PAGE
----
My husband and I got into an argument while driving on Interstate 8 from San Diego to our old house in Tucson.

Funny that we’d be driving home that day.

Funny that we’d been living in San Diego for three months and on that day of all days were driving to Tucson on the anniversary of his late wife’s death.

Not so funny though that we’d have an argument on that lonely, vacant stretch of highway between the hills of Yuma and the ridiculous “We have fenced areas for your dogs while you shop,” Dateland Truck Stop

“You have to learn how to let go of things.” he was saying.

Actually. He wasn’t saying it. He was yelling it. He was yelling that I got wound up over stuff that I didn’t need to get wound up over. That I took things too seriously. That I let things get to me.

“You just have to learn to let go!” he yelled again.

I’m driving. I’m thinking. I’m wondering what to say and where the hell this anger was coming from.  I’m cautious about not wanting to lose my temper and drive us off the road and that’s when I remembered the thing about it being his late wife’s anniversary.

I looked at the ugly, sandy highway in front of me and in my mind’s eye I saw our old house in Tucson.

It was empty now that the tenants we had rented it to had moved out but somehow, it was also not empty.

In the bedroom I see “M” there on the bed in her last moments the way I always see her and I see him sitting on his stool beside the bed the way I always see him.

“A stool was the only thing I could sit on to keep from falling asleep,” He’d told me.

In the split second it took me to see M dying yet again, with him holding vigil beside her yet again, I turned to look at his face, still red from having yelled at me and I have a thought.

“When he says, ‘You have to learn to let go!’ he’s not talking to you.”

I don’t mention any of this though. I don’t mention the scene I’d had before my eyes that I have seen so many times and I don’t mention that maybe his anger isn’t so much at me as it is at someone—something — else.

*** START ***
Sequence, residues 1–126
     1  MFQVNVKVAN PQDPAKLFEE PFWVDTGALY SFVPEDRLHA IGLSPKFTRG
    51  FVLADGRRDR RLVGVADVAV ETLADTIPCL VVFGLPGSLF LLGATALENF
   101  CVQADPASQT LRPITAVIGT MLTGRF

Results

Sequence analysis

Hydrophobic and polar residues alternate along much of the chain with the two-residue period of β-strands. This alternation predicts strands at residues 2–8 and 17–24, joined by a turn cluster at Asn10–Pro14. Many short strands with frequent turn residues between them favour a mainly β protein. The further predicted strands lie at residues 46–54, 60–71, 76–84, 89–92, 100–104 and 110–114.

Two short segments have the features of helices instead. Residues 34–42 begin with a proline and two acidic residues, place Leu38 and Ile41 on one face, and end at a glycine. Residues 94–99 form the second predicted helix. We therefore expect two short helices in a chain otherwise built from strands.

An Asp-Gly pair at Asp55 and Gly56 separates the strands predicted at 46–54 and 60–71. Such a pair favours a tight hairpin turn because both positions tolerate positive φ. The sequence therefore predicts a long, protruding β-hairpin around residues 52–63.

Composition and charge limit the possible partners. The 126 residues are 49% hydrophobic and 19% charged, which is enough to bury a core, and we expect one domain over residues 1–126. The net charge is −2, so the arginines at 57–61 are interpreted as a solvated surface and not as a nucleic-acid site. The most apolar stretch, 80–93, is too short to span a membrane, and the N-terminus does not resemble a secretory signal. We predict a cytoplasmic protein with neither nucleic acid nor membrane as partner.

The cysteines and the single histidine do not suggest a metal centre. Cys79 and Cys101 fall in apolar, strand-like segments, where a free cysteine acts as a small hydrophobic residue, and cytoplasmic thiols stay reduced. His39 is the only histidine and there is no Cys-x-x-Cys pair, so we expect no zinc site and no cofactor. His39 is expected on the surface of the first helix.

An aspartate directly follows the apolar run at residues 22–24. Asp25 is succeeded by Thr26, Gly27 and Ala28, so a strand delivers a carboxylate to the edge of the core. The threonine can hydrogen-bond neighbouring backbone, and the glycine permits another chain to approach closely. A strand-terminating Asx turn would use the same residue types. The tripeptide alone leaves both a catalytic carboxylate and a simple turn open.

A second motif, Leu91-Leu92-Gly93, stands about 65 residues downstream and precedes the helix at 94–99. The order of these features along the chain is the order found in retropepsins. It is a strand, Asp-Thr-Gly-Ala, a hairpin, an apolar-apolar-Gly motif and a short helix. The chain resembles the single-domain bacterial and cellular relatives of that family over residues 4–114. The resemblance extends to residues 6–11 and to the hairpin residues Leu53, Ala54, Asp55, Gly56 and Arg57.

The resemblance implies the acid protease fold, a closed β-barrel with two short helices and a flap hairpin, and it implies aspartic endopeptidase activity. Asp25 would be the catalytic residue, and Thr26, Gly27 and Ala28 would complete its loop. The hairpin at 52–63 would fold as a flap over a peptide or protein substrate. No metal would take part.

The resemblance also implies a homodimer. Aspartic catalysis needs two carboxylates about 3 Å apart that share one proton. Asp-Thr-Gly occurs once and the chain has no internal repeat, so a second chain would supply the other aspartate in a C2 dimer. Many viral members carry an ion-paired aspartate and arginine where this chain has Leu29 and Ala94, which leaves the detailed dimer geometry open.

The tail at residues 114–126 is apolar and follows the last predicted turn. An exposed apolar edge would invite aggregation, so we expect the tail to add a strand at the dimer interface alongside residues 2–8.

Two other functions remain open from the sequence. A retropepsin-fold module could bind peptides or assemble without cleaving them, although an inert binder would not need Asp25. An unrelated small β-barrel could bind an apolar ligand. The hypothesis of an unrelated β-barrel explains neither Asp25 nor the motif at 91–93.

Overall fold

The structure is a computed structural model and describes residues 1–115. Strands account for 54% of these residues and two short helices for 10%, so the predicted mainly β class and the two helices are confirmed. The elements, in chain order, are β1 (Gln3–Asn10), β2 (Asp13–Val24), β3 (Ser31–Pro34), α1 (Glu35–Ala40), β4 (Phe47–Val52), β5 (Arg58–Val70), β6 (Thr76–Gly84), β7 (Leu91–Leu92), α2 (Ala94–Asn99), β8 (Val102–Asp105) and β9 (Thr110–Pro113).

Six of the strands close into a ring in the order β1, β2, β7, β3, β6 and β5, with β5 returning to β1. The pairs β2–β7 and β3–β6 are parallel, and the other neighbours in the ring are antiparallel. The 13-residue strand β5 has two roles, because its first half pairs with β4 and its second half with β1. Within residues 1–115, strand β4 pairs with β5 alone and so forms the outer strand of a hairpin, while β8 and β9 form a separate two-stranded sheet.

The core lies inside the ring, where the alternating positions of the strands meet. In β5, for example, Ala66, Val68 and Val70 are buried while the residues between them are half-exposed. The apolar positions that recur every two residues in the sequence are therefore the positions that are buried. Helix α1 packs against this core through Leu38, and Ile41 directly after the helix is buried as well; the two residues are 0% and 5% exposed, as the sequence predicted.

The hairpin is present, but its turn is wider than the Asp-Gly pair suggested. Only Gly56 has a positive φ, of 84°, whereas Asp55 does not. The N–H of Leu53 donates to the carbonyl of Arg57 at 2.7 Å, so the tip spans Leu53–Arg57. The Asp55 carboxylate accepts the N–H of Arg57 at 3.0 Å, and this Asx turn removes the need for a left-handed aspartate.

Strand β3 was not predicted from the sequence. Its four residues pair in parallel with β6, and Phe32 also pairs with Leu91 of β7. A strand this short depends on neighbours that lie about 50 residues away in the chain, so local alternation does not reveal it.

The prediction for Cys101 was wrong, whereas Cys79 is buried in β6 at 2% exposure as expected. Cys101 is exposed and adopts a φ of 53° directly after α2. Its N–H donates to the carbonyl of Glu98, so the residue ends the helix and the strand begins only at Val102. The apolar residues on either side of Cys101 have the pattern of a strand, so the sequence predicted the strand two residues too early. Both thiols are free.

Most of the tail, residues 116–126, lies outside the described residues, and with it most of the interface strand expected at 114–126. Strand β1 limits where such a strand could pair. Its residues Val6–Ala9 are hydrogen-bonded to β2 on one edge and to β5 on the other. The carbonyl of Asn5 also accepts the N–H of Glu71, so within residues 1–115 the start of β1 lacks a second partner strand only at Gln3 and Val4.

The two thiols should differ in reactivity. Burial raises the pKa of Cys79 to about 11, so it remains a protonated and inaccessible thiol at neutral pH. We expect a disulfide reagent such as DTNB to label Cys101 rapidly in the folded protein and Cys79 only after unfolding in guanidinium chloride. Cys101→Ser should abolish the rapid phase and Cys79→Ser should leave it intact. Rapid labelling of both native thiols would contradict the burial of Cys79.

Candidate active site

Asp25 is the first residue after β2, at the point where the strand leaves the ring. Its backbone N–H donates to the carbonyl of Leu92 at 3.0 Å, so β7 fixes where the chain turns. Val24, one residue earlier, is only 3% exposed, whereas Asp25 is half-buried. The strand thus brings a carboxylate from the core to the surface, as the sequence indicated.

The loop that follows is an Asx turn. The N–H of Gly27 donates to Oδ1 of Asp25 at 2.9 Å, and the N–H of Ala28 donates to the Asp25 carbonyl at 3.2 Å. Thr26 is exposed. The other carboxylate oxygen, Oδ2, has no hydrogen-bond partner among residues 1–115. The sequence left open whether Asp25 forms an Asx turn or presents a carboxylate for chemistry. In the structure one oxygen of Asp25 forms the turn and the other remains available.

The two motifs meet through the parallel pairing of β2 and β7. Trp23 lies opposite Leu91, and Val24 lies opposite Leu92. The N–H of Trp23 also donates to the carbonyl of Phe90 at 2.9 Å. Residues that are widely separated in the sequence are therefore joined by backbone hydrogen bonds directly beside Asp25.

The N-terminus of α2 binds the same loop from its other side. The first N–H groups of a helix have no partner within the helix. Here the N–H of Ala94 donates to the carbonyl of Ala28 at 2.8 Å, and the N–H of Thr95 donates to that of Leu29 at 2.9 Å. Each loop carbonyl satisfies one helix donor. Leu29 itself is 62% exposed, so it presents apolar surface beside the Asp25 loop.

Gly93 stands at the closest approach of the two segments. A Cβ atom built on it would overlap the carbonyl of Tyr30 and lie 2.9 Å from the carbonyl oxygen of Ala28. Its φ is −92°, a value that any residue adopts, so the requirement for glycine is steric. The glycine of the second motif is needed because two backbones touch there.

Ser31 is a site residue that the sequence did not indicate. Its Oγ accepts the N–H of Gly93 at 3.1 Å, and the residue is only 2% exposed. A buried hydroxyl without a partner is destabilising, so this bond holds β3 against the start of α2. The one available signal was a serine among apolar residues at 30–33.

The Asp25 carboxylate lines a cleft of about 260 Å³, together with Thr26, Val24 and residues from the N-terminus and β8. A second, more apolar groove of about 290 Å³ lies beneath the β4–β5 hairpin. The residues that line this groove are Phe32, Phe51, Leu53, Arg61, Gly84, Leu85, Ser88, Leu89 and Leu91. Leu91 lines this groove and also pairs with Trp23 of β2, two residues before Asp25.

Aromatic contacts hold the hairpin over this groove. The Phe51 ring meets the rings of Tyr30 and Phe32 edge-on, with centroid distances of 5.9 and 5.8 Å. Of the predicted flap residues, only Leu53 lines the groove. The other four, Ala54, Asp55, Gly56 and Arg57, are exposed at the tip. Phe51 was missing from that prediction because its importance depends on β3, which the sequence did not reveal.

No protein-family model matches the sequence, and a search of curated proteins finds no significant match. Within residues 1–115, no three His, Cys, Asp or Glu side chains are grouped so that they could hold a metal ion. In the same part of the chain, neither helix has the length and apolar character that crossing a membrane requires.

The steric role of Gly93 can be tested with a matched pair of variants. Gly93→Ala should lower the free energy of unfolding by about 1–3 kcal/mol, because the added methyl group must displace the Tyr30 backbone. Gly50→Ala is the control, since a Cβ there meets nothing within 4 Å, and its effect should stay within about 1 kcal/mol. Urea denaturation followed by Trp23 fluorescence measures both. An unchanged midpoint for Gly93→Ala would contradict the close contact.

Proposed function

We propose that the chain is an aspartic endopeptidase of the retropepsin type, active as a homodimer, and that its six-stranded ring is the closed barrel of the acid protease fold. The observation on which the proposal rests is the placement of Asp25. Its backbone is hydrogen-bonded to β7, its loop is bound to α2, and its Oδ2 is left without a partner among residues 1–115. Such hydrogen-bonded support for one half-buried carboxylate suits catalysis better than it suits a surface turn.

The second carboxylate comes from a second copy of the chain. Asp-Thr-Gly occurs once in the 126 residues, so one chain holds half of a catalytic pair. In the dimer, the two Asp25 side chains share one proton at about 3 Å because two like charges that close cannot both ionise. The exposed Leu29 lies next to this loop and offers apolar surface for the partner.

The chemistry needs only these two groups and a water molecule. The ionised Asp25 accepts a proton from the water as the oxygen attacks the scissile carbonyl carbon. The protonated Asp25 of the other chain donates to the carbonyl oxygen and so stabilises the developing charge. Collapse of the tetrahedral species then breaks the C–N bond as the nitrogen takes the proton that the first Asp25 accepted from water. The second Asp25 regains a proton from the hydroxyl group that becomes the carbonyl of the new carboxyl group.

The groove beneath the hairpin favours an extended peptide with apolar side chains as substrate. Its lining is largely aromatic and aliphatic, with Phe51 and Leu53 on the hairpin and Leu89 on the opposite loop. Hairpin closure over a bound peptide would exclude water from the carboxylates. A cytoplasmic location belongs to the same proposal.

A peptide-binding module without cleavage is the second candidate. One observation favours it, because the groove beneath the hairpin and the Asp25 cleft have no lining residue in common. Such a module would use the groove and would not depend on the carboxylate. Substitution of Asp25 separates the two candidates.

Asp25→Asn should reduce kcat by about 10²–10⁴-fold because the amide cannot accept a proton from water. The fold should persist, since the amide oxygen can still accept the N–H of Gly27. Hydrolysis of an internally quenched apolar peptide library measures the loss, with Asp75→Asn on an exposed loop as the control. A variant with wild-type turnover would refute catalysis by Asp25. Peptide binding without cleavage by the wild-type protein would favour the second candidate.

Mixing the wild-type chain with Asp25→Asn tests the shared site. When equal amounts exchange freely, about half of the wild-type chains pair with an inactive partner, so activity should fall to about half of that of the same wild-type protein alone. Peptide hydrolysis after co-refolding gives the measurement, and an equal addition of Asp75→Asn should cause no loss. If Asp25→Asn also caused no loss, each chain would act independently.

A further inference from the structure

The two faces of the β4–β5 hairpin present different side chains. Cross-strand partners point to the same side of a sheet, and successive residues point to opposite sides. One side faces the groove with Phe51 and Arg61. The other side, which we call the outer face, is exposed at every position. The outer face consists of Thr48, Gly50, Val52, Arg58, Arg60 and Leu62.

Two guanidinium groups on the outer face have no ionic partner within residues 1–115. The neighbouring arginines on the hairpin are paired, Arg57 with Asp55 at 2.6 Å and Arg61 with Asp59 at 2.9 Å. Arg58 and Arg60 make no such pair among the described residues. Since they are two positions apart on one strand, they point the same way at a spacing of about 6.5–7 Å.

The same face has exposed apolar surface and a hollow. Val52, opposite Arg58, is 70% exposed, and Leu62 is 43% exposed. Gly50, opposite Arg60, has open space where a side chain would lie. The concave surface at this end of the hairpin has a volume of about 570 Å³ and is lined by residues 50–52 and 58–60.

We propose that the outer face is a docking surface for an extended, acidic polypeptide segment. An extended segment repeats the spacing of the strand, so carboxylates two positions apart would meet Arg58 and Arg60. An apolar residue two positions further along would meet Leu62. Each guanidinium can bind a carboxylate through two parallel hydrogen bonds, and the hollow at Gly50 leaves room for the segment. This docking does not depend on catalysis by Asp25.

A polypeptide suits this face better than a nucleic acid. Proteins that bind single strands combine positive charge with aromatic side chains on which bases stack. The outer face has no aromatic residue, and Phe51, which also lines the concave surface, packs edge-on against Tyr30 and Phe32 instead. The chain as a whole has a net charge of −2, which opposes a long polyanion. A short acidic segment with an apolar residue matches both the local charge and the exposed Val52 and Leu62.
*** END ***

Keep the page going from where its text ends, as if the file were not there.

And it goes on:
Later, after we change drivers at Dateland and after the elephant in the car has gotten so big I can’t stand it anymore, is when I bring it up.

Grief. It reaches through the years and takes hold of you. Just when you’re sure it’s controllable, settled down, tamed. Just when you think that you’re free of its capriciousness, it pulls you under.

You think there’s nothing ahead of you but a straight, flat highway leading to someplace predictable called “Dateland” but grief’s not like that. Something happens—somebody says something or does something that sounds a tiny bit familiar to you and suddenly, instead of sitting in the passenger seat of your new Subaru with your new, very much alive wife, you’re sitting on a stool next to a bed in which the woman you had loved and lived with for 48 years is dying.

I’m grateful though. I’m grateful to him. He allows me to tell him what I’m thinking and even allows as how maybe I’m right.

In fact, a few more miles down the road he actually goes further.

“You are right,” he says.

He apologizes and tells me that sometimes, even though he is aware of the anniversary, it gives him an ache that he didn’t realize he had.

This I know about him.  I know he aches.  Truth is if it were told and if I can say such a selfish thing, I’d want him to ache for me too.

About an hour and a half later, the air in the car cleared of elephants, we pull into our old driveway. He unloads some stuff out of the back, comes around to my side and opens the door.

“Come on, honey,” he says, putting out his hand, “Let’s go in and decide if we want to sell this place or not.”

In the end, we do sell it.

We leave Tucson — where I had lived for almost 50 years and he had lived for almost 20 years — and several weeks later, having just heard from the realtor in Tucson, we talk.

We’re sitting on the patio of our little cottage in San Diego and he gives me a knowing look.

“It’s good that we moved.” he says quietly. “I feel different here.”

“Tell me more.” I respond, pouring another few ounces of wine into his glass.

“I feel like the road to San Diego has put distance between me and Tucson in more ways than one.”

“Me too,” I tell him, understanding what he means. “Me too.”

I glance out over the small canyon abutting our patio. On the other side of it, I see a car on the quiet road that winds its way through the neighborhood.

Carmelene began writing for publication on her 73rd birthday in 2015. She writes stories and vignettes about life and how life itself gives us the lessons, hopes and directions we need to put our feet on higher ground. You can find her writing at